However, there are some drawbacks to this approach. Firstly, it’s not as easy as it seems to predict the stocks that will continue to generate profits over a very long period. Not all blue chips continue to make money for investors year after year. Polaroid and Kodak were both once considered blue chips, and both ultimately filed for bankruptcy.

Secondly, while blue chip stocks usually generate steady gains over time, their average returns are lower than one can make investing in growth stocks with a shorter time horizon, or by actively trading blue chips.

Trading Blue Chip Shares

Actively trading blue chip stocks can be very rewarding when done right. While blue chip companies don’t have the extremely large price movements of high growth, speculative shares – they don’t carry the same risk. 

Also, their price movements are far more predictable. The shares of these high-quality companies do become overbought and too expensive at times, and this eventually causes their prices to decline. However, large institutional funds are always looking to own blue chips shares when they can get them at good prices. 

As a trader, all you have to do is wait for the price to fall low enough, and then watch for buying volumes to increase and the price to start moving higher. When you see large volumes trading you know the institutions are buyers at that price – and that means there is far less chance of the stock falling significantly further. That gives traders an asymmetric bet, with limited downside, and far greater upside.

Savvy traders can generate large profits by moving from one blue chip to the next - buying cheaper stocks when they see increased buying volume, riding the trend until the price stops rising, and then looking for the next cheap blue-chip stock to buy.

Trading Blue Chip Shares

Futures Contracts

Futures are exchange traded derivative contracts that allow traders to use leverage and to enter both long and short positions. Futures contracts can be traded on equity indexes, commodities, bonds and even on large liquid stocks like blue chips.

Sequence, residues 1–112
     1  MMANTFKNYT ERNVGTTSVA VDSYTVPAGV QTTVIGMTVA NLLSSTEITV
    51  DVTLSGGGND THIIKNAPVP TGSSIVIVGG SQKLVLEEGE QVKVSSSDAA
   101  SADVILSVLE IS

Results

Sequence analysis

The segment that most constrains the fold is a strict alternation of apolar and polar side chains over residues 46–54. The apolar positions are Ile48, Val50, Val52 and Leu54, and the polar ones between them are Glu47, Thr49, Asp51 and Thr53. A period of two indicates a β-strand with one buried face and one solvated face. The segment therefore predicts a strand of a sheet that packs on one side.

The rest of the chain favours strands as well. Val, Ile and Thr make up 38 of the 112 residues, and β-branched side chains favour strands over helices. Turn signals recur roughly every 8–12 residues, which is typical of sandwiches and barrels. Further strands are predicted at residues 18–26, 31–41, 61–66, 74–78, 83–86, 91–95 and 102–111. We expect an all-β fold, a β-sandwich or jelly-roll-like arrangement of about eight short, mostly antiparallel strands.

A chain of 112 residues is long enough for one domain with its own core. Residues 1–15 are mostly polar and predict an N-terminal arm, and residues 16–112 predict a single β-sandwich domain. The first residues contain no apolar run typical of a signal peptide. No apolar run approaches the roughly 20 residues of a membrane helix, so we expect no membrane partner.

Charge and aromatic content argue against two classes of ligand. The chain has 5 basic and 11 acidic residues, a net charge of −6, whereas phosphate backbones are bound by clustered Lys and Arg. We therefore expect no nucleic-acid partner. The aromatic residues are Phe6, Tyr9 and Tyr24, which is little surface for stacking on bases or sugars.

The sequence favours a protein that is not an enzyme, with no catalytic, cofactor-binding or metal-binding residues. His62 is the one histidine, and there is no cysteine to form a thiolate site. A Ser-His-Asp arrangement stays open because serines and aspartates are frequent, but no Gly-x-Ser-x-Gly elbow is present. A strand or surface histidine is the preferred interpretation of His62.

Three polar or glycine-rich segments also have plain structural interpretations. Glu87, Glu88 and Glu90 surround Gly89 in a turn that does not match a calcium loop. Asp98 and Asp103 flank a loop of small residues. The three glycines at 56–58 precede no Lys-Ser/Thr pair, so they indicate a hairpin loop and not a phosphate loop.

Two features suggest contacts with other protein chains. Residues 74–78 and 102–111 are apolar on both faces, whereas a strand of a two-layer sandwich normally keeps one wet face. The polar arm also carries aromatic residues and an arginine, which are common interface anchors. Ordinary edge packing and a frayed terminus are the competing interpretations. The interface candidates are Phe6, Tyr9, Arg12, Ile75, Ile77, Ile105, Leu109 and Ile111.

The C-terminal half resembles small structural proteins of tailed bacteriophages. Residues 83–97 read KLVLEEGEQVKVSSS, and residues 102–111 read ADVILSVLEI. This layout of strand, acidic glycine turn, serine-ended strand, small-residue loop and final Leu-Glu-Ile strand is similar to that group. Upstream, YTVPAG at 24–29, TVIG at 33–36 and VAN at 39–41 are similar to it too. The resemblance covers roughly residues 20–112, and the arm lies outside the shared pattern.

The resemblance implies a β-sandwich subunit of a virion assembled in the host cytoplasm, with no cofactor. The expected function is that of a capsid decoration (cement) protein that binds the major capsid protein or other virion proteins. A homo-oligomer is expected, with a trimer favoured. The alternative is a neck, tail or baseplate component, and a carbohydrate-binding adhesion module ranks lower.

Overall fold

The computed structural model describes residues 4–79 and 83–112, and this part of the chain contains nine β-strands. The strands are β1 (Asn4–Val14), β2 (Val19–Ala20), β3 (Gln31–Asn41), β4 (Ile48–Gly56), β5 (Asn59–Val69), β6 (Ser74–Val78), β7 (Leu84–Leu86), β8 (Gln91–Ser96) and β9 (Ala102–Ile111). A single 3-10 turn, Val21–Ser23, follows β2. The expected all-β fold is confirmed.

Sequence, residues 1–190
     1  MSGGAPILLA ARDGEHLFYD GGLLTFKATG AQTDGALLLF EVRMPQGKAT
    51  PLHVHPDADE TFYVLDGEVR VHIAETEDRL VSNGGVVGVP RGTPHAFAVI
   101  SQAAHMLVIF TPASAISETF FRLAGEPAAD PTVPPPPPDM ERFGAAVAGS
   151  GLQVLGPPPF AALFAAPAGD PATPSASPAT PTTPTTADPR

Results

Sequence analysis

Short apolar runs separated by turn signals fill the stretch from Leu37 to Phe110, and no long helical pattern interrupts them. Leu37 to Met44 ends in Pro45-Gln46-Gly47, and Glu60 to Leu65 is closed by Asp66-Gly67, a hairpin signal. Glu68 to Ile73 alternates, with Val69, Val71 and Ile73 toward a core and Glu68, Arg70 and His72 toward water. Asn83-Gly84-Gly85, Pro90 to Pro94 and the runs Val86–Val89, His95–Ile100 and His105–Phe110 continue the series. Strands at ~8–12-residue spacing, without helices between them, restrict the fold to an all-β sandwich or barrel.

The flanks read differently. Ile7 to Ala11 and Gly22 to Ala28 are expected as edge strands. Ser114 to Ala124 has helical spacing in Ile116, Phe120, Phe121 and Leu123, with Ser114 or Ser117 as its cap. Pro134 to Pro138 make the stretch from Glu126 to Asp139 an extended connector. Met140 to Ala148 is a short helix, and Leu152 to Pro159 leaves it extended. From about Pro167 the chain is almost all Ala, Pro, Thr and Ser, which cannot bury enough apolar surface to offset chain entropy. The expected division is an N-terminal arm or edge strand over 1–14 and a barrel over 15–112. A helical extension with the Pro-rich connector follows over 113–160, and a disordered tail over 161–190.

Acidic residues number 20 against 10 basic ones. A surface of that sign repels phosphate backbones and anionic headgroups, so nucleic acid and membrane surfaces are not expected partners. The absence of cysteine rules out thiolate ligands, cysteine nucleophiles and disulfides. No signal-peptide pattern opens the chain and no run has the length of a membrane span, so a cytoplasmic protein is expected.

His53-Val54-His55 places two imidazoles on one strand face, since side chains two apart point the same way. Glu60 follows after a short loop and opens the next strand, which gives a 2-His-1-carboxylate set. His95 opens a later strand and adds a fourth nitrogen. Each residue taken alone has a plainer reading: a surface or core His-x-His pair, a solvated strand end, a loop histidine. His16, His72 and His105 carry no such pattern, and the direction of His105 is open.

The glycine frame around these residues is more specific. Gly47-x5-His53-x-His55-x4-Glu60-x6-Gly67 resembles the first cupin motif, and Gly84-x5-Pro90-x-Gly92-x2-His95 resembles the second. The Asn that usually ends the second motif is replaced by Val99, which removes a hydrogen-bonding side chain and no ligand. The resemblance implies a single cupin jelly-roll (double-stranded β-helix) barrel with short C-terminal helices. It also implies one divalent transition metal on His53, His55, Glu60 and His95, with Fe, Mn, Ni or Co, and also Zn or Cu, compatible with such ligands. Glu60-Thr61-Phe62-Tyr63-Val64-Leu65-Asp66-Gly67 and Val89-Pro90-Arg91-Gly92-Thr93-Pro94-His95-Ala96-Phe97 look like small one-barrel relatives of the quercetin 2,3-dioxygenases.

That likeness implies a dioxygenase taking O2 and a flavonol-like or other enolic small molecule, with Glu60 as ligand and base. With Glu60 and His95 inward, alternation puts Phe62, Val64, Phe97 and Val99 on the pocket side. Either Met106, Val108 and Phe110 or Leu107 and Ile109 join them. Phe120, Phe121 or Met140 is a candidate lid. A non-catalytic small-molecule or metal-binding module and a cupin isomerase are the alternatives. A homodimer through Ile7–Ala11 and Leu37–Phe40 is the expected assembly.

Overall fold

They allow active traders to increase their position size without using more capital. Of course, this magnifies both profits and losses, but with disciplined risk management they can be more profitable than trading the stock themselves.

The downside for futures contracts (besides the increased risk), is that the contract size is usually too large for most individual traders. Also, in most cases an account at a dedicated futures broker is required.

Contracts for Difference (CFDs)

CFDs are another type of derivative similar to futures contracts, though they do not trade on exchanges. CFDs can be traded directly with banks and brokers. In most other respects they are exactly the same as futures contracts but have smaller contract sizes – often as small as one share.

CFDs are ideal for retail traders and investors. They allow traders to use leverage by trading on margin and can also be traded on the long and short side. CFDs are therefore ideally suited to anyone wanting to actively trade blue chip stocks.

Exchange Traded Funds (ETFs)

ETFs are baskets of shares that are traded on exchanges just like the shares they hold. In most cases an ETF tracks an index like the Dow Jones Industrial Average, Nasdaq or FTSE 100 index.

Since most major stock market indexes are comprised mostly of blue chips stocks, ETFs offer traders a vehicle to trade a group of blue chips as one security.

ETFs have lower volatility and risk than individual stocks but can also be traded with leverage using CFDs and other derivatives.

Binary Options

Binary options are also a type of derivative but have much higher effective gearing and risk. A binary option is like a bet on whether something will happen or not, and either expires with a large profit or worthless. These instruments can be traded on all sorts of markets over a range of time frames.

For those wanting to bet on blue chip stocks prices reaching specific levels by a specific time or date, binary options are something to consider. However, caution and sensible risk management is advised. 


Blue chips can offer both steady gains over time, and great trading opportunities for active traders. There are also lots of different instruments traders can use to trade blue chips, depending on their personal style of trading.

Libertex is a broker and trading platform which offers CFDs on 50 US and European stocks, most of which are considered blue chips. In addition, clients can trade CFDs on commodities, indices, ETFs and cryptocurrencies with leverage of up to 30 times. To get started learning more about trading blue chips stocks, without risking any capital, you can open a demo account at any time.